Lessons from the boys of summer, the little boys of summer, that is, can help us encourage civil behavior among all of the kids in our lives.
And civility among young people is an issue. Surveys reveal that a majority of adults use words such as “rude” and “irresponsible” to describe today’s teens. Employers note a lack of work ethic and other basic character traits, especially among younger employees.
Teenagers themselves agree. Less than one-third of high school students say their classmates treat each other with respect, and only 20 percent say their classmates treat their teachers with respect.
While adults can lament a coarsened culture encouraging bad behaviors among today’s youth, the kids declare something different. In a survey of 3,000 teenagers, only one-fourth cited celebrities as the most important influence in their lives while nearly half pointed to parents, youth workers and other adults who they know personally.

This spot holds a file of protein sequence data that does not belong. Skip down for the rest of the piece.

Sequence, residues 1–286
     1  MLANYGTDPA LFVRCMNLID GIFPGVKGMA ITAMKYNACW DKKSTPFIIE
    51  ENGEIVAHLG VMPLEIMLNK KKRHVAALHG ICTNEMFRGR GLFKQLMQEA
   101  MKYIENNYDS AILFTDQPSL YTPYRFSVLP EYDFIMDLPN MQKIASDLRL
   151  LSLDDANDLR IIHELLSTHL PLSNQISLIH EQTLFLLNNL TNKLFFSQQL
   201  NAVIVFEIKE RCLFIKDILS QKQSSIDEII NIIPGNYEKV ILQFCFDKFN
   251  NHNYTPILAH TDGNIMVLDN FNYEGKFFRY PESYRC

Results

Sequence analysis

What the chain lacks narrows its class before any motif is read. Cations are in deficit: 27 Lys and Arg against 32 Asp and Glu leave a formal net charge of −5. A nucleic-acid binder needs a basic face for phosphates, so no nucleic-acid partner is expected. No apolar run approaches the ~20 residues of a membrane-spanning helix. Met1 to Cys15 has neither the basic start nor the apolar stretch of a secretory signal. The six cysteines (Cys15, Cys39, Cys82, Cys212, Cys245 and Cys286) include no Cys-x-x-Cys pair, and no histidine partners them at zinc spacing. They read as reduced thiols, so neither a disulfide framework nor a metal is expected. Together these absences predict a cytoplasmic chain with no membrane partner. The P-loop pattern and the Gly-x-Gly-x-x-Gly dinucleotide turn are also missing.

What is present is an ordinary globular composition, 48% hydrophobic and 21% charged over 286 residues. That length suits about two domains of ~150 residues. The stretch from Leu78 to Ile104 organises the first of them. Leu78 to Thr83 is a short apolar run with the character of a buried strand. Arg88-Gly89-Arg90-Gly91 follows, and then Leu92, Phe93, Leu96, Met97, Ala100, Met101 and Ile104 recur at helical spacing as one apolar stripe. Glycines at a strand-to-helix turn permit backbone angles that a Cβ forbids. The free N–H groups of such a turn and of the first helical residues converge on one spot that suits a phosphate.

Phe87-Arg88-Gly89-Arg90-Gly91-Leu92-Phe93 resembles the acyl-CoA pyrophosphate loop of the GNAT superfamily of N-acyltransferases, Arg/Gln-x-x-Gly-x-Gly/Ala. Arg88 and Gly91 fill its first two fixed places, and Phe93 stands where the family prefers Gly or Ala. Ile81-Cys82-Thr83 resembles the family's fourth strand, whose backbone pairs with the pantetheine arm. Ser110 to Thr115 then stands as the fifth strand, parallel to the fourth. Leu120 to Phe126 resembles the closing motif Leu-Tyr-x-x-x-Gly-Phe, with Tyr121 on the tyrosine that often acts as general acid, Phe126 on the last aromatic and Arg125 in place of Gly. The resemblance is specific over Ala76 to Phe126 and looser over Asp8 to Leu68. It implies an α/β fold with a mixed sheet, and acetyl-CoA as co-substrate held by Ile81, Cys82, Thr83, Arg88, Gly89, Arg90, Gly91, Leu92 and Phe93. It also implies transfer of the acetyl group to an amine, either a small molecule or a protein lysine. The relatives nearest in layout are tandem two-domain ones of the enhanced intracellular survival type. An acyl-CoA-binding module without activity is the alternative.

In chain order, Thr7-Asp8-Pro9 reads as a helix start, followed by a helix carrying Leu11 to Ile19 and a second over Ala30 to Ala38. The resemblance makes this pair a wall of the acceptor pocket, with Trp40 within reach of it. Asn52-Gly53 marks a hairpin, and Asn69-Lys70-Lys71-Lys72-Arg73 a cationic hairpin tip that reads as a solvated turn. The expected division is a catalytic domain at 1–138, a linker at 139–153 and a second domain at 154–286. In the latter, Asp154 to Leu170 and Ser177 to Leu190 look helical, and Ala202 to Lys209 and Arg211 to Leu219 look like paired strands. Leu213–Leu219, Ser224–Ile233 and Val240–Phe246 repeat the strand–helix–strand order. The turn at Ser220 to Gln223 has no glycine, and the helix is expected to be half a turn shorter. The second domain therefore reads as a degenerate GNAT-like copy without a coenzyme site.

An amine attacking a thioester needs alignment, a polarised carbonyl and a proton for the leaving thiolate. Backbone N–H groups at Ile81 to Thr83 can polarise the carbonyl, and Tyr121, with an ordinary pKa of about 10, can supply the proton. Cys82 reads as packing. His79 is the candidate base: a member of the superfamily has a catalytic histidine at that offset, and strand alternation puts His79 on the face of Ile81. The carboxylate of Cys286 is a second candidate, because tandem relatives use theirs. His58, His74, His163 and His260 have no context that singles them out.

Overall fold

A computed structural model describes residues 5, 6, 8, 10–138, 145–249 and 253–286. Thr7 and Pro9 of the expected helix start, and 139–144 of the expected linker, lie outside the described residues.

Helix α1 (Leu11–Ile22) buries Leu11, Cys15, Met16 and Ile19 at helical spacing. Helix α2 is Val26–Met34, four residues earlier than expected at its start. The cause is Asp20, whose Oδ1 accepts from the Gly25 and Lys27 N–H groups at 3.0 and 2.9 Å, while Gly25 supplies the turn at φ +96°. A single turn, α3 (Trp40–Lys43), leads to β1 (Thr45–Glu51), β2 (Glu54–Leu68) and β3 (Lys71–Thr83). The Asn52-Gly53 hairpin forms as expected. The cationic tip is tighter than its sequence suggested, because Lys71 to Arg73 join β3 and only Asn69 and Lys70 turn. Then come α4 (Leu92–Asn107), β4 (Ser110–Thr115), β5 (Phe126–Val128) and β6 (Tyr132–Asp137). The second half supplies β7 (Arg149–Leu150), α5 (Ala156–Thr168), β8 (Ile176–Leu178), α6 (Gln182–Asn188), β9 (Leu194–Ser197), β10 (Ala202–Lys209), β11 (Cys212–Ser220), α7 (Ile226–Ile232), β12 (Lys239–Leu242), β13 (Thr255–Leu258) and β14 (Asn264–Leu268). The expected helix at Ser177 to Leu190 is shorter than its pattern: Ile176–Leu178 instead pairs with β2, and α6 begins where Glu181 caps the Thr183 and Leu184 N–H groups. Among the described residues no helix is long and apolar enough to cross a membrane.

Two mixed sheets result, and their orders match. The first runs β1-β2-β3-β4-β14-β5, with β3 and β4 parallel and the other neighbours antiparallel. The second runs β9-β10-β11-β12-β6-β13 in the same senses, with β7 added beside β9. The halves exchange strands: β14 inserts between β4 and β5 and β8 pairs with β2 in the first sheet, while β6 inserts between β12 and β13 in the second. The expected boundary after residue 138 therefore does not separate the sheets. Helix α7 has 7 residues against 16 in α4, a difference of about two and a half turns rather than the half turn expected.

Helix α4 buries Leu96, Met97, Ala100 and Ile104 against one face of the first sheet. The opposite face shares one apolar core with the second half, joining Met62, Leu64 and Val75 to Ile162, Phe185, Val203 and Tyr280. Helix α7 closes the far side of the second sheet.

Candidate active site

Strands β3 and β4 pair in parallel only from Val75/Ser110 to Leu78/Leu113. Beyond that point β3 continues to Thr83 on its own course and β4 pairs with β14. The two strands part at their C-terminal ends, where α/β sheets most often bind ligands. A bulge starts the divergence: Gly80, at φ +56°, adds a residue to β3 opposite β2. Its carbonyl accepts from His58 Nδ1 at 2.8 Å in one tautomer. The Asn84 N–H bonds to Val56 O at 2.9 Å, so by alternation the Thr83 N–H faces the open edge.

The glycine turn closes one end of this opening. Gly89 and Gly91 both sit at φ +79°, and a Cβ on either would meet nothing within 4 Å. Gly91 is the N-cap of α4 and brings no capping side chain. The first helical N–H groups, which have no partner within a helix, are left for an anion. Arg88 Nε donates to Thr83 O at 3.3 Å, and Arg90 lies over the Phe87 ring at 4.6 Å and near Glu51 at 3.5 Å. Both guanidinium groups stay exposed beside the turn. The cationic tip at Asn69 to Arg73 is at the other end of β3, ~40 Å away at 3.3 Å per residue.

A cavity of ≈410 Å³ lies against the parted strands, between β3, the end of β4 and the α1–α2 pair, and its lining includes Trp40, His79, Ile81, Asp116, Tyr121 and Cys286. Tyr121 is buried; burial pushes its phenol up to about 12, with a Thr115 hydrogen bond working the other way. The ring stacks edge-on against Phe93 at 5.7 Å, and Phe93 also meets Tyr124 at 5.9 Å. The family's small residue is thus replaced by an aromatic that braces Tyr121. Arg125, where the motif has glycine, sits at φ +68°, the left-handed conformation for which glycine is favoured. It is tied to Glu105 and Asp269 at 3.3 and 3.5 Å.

In a separate question, 75 percent said their most enjoyable activity is hanging out with friends – underscoring the unique impact of peer influence.
Northwestern University sociologist Gary Alan Fine confirmed these dominant dynamics among youth and the people directly in their lives by observing Little League baseball teams. Fine’s research examines the relationships we have in small groups – including family, schools, community organizations and religious congregations – and how those relationships shape behavior, including civil behavior.
In his book, “Tiny Publics,” Fine writes, “Social awareness begins with face-to-face behavior and continues as we learn to account for and make adjustments to the presence and the demands of others.” Small groups, the author argues, create “expectations of the shared and the proper” and are “spaces that shape personal choices.”
One of those spaces Fine studied is the little league baseball diamond. After observing players on several teams, Fine discovered, “Life on the team provided different models that the players could use in other groups and in their understandings of how social life should transpire.”